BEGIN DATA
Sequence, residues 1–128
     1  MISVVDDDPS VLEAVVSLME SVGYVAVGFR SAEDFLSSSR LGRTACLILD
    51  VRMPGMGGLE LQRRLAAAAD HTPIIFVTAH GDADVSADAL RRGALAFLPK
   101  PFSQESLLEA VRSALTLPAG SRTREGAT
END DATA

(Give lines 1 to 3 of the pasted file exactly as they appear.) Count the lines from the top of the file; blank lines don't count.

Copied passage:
Sequence, residues 1–128
     1  MISVVDDDPS VLEAVVSLME SVGYVAVGFR SAEDFLSSSR LGRTACLILD
    51  VRMPGMGGLE LQRRLAAAAD HTPIIFVTAH GDADVSADAL RRGALAFLPK